All biturbo: body front weaknesses

alpa

Member
Messages
185
Hi,
I'd like to tell what I know about the fundamental design problems of the front part of all biturbo cars, from carbs up to qp4.
To briefly remind history (I don't pretend to know all the details): the biturbo body remained basically the same from carbs to qp4. First cars had the 4 bolts suspension and a 150hp engine, then came the 5 bolts with a much more performant steering on the same engine frame and engines of more than 250hp, then ghibli with wider track width and 300hp, then the tubular rear suspension and then the ZF diff frame.
But the body floors and frames remained the same in all these cars: same metal sheets made of the same chewing-gum black steel. Same weld points. Same design mistakes.
Worse, during the body assembly the ghibli front frames (made of the same carb mould) were cut to give more space to the engine.
Qp4 had a slightly redesigned body with some reenforced points and was likely made of a modern automotive steel. It's a guess about the steel people do because qp4 bodies are much harder to cut. Again, all design mistakes remained present.

So Ghibli had a more performant suspension, twice more power, better brakes, bigger wheels and weighed 150kg more than carb versions, but were still using the same body.
The body has huge design flows in the body frames that hold the engine frame. The structure is weak and is made of 0.9mm and few 1.2mm sheets. Not to mention 2 and even 3 layers of sheets above the engine frame that often rust in between and break.
The consequence is that when these cars are driven hard the front of the body breaks in many places. People continue driving these cars in this condition. A friend runs a Maserati workshop and he often repairs craked ghibli and qp4 bodies.
I've been studying these problems for years on my cars. The last time I had a "chance" to buy a '97 GT that likely made track days on slicks. The front is completely destroyed, although the car looks great. The body was repaired at least once but broke again few cm farther. The car was painted and everything was hidden under a thick layer of putty and painting.
So my car is a kind of study of the design mistakes because it broke in tens of points. Here are pictures. I'm not going to explain every picture, but I can add comments later, if needed.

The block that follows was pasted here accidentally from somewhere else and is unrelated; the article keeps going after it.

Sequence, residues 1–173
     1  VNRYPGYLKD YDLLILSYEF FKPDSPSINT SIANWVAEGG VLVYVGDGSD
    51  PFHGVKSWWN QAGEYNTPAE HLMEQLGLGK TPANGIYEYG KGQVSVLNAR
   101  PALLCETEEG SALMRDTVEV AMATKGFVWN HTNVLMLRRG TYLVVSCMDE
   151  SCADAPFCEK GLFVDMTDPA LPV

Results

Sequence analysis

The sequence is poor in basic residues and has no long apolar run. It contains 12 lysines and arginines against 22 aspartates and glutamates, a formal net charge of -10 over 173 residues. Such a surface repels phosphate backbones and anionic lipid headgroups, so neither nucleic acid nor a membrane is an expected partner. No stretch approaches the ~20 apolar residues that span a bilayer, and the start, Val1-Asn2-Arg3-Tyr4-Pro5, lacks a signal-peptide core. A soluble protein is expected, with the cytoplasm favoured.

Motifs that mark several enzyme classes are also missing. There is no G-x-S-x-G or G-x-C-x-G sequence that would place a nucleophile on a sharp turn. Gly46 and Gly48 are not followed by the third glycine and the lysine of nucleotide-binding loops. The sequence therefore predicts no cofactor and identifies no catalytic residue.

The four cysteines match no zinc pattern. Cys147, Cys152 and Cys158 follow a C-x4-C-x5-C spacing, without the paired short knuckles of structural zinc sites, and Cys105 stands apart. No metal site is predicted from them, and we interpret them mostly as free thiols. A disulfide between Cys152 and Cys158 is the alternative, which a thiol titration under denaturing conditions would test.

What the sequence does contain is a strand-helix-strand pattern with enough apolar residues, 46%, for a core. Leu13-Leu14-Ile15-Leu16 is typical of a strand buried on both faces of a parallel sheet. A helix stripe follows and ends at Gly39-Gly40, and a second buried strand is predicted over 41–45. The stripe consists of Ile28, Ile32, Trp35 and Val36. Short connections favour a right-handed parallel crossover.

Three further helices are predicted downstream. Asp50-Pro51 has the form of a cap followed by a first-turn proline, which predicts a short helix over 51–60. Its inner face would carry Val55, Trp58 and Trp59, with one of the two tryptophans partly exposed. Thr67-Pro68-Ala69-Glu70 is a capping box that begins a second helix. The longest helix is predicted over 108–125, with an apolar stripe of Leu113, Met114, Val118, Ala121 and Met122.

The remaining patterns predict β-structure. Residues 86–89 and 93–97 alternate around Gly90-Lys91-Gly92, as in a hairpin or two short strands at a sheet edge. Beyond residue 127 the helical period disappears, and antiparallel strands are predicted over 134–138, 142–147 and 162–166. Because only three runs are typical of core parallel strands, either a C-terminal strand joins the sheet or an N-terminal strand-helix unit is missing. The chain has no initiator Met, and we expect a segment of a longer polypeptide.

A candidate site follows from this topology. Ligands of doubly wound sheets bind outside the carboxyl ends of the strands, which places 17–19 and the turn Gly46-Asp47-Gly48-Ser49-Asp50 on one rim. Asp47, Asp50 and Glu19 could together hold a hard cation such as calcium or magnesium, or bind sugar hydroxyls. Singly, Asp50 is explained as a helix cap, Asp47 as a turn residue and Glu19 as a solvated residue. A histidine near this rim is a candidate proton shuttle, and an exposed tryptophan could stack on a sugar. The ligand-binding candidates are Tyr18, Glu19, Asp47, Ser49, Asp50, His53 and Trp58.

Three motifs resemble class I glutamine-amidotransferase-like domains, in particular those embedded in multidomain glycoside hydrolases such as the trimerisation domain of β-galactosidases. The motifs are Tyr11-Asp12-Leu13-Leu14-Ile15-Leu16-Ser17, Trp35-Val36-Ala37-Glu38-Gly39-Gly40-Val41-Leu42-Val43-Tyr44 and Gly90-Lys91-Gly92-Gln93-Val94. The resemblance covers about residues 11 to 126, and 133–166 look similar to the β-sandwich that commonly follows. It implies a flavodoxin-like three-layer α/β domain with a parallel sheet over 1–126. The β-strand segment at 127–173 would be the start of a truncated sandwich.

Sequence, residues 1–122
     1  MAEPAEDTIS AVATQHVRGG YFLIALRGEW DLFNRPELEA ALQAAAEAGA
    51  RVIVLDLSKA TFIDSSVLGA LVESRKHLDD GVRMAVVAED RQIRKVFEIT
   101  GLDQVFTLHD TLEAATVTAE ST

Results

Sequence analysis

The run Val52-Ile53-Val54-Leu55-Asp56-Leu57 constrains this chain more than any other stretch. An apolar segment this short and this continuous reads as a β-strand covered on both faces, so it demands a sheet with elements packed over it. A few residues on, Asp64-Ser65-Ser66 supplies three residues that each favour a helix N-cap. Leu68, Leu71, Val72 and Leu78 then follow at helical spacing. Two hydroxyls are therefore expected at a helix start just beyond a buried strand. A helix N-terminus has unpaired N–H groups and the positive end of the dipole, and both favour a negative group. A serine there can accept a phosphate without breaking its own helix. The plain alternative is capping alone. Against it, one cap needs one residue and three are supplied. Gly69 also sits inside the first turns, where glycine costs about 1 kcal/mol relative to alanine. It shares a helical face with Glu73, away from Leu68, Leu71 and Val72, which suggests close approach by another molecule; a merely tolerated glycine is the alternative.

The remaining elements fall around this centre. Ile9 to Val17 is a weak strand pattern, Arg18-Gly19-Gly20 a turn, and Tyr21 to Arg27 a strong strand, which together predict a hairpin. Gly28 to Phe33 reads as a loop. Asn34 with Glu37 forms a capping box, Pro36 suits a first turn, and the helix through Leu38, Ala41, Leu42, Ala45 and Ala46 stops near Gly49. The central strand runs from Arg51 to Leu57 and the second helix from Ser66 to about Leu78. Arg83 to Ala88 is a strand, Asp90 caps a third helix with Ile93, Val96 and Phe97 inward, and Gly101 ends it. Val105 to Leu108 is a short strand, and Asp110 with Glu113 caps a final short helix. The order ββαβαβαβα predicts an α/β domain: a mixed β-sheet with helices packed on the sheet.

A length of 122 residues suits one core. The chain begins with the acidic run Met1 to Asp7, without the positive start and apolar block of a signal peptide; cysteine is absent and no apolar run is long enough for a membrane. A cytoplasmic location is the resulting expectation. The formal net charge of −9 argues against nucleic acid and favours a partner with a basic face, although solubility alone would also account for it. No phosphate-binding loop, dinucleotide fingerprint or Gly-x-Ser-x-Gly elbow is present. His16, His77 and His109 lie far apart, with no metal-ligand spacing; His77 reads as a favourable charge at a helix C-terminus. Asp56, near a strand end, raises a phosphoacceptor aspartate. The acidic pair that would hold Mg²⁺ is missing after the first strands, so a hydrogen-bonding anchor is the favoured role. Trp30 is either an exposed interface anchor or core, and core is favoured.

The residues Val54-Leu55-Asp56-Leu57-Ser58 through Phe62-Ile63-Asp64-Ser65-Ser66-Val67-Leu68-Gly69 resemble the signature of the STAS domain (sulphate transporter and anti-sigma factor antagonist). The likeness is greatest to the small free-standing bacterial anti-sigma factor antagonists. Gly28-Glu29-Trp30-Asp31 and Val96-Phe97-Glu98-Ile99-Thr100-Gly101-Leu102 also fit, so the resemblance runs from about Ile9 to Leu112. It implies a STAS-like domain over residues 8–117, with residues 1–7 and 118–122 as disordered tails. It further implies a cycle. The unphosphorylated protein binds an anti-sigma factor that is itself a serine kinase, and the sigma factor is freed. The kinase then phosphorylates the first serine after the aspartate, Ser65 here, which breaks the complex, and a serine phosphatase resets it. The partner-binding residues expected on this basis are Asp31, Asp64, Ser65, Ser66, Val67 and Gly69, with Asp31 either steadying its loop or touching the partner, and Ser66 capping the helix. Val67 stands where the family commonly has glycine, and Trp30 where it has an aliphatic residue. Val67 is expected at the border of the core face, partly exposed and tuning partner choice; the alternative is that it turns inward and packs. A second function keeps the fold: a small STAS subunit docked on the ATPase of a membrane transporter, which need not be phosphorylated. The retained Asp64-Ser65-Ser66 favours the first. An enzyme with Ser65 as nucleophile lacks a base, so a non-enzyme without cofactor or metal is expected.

Some pictures show past repairs with ugly and not that ugly welds.

One pictures shows the floor that was smashed in an attempt to straighten it. The engine frame was pushed inside the car because the structure is so weak.
 

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alpa

Member
Messages
185
More pictures
 

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alpa

Member
Messages
185
Here are pictures on an opened right side frame (longeron). All the body sheets are 0.9mm thick, except the one I marked as 1.2mm. On the picture with 1.2mm I've already started repairing and modifying, so many new welds are visible.
 

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alpa

Member
Messages
185
This picture shows the weak area that bends in the first place in case of a shock into a wheel. It's the right hand side, engine bay. The cross is the firewall, on RHD cars the cross would be replaced with the steering column hole. All sheets are 0.9mm thick and as you can see the connection is not orthogonal, there is a stock bend. In case of a shock the bend is bent even more, there is no mechanical resistance.
 

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alpa

Member
Messages
185
These are pictures of my '89 222E that made a 4m long flight. As you can see the body structure is the same as on the ghibli. The body frame was bent, the junction bent even more. A pictures shows what's inside the body frame: void.
The other picture shows the 1.2mm body panel I cut to open the frame. It's really bent looking from the inside, it's because they filled it with tin to make it look flat from outside. My flight was not the first accident of this car.